Arizona continues to distinguish itself as major player in the global mining space. In fact, Arizona was the number one non-fuel mineral-producing state in the U.S. in 2021 according to the United States Geological Survey.
While the primary minerals produced include copper and molybdenum, Arizona also has abundant rare earth minerals, lithium, manganese, lead, silver, gold, potash, and helium. These are critical minerals needed to meet the needs of the future and ensure economic development and technology advancement for not only our state, but the entire United States and beyond.
It’s not a surprise that Arizona is known for its copper production. An impressive 72% of the nation’s copper comes from our great state of Arizona. Moreover, Arizona is fourth in the world in production of copper after Chile, Peru, and China. This is significant because copper is vital to cell phones, laptops, electric cars, appliances, life-saving medical devices, microbial disinfectants, and national defense systems. To put this into perspective, the AH-64 Apache helicopter manufactured here in Arizona requires eight miles of copper wire to produce.
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Not only is copper important to the economy here in Arizona, but it plays a significant role in our country’s ability to stay competitive in the global economy.
Arizona is ranked the second-best jurisdiction for mining investment in the world according to the Frazer Institute. That is an excellent position to be in given the mineral endowment that Arizona was blessed with.
Despite all of this, the reality is that the federal process to permit a mine changes constantly depending on the administration, and is subject to political challenges and third-party lawsuits resulting in a staggering average of 10-12 years to permit an average project. Just let that sink in.
Just how important are these critical minerals? They are essential for the quality of life we have come to enjoy, transitioning to a green economy, our national security, and the ability to compete in the global economy. Everything from computers to mobile communications, electric vehicles, batteries, and weapon systems cannot be made without critical and even non-critical minerals.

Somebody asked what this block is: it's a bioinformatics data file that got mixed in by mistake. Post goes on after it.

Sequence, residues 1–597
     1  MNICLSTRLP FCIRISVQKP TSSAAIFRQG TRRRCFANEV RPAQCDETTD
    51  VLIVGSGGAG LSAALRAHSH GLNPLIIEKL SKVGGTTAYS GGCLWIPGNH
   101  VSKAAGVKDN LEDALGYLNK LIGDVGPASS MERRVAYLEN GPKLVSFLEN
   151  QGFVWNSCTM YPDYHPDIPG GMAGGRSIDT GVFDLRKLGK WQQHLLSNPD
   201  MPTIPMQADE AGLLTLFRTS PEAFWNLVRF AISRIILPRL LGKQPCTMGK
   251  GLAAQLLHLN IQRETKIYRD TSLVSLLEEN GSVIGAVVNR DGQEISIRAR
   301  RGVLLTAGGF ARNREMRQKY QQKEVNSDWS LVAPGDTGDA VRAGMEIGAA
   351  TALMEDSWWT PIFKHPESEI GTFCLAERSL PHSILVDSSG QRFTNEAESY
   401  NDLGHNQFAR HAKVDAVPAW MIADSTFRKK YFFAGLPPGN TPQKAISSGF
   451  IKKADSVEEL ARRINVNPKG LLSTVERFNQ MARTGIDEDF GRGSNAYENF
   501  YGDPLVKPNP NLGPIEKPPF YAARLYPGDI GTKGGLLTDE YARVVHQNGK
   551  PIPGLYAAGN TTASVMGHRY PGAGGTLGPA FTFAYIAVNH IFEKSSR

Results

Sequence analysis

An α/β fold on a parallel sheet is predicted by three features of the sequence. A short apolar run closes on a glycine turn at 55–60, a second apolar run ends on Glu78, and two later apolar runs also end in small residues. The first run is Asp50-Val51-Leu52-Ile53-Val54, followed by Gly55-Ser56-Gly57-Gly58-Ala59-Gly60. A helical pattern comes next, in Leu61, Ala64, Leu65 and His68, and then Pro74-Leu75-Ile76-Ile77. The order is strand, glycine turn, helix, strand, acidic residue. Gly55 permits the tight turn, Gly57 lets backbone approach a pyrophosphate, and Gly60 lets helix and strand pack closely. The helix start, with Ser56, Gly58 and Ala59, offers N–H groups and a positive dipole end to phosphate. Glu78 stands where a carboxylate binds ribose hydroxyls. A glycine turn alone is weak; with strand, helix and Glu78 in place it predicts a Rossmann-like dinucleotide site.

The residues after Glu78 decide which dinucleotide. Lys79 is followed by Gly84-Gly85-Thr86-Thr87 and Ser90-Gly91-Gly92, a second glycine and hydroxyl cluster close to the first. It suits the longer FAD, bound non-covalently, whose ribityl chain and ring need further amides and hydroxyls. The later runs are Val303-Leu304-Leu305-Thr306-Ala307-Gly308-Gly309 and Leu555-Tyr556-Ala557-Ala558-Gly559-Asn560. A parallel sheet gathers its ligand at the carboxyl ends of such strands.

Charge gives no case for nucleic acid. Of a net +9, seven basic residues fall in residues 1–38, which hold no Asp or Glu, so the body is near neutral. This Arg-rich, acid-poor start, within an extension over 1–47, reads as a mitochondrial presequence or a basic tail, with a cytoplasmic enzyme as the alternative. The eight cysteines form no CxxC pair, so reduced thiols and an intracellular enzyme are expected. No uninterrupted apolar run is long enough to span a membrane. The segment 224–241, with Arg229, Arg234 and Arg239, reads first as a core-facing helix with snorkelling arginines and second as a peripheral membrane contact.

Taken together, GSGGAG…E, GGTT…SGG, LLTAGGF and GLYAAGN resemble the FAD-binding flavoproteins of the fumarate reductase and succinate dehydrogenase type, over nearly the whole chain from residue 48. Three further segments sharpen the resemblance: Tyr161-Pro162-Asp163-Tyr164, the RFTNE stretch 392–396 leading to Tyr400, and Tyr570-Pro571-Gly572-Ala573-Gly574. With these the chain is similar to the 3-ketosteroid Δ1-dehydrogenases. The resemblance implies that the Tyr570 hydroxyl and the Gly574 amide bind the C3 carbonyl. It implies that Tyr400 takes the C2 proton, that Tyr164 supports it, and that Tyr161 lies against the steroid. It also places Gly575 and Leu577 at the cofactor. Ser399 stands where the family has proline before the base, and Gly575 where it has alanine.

Based on the recent changes made by the Department of Interior in February of 2022, there are now 50 minerals on the critical minerals list; up from 35, an indicator that we are importing more of these materials than we are producing domestically. The U.S. and Arizona have significant critical minerals, but there are considerable technical, political, and regulatory obstacles involved in accessing them.
The U.S. was 37% import reliant on copper in 2020, and 45% import reliant in 2021. Arizona produces approximately three quarters of our copper in the U.S. each year, adhering to strict production and safety regulations.
It is imperative to understand that many critical minerals we are importing are completely controlled by foreign governments that lack rigid environmental standards, meaningful worker safety programs, anti-corruption laws or ethical leadership. For instance, China currently controls the production of 80% of rare earth elements, 70% graphite, 59% lithium and 36% cobalt.
As it pertains to our national defense, when U.S. companies build military weapons systems, they rely heavily on a few dozen minerals, many of which are mined and refined almost entirely by other countries. Building a single F-35A fighter jet, for example, requires 950 lbs. of rare earth elements alone that come primarily from China.
By 2050, it is projected that the demand for copper will increase 200% and there will be a staggering 450% increase in demand for battery metals such as graphite, lithium, and cobalt. As the regulatory temperature stands today, this means that we could become two to four times more reliant on foreign governments to meet our domestic needs. This is not a good position for the U.S.
A recent poll indicated 87% of people believed that our material supply chains should be sourced from U.S. mines. While security and certainty of sourcing materials may be one reason for this, it may also be due to our focus on employee safety, the environment and overall responsible mining practices in the U.S.
Current and future challenges include but are not limited to supply chain issues, land access, need for science-based regulations, workforce development, timely authorizations, the lack of manufacturing and domestic production.
Arizona is blessed with tremendous mineral resources. With common sense reforms and responsible access to minerals, Arizona mining could deliver renewable energy minerals, assist in supply chain issues, and create high-paying jobs. This can only be done by embracing efficient permitting processes, ensuring fiscal and regulatory policies that encourage investment in mining, recognizing the role of federal lands in reducing import reliance and acknowledgment that “Made-in-America” means Mined-in-America. ￼
Steve Trussell is the executive director of the Arizona Mining Association.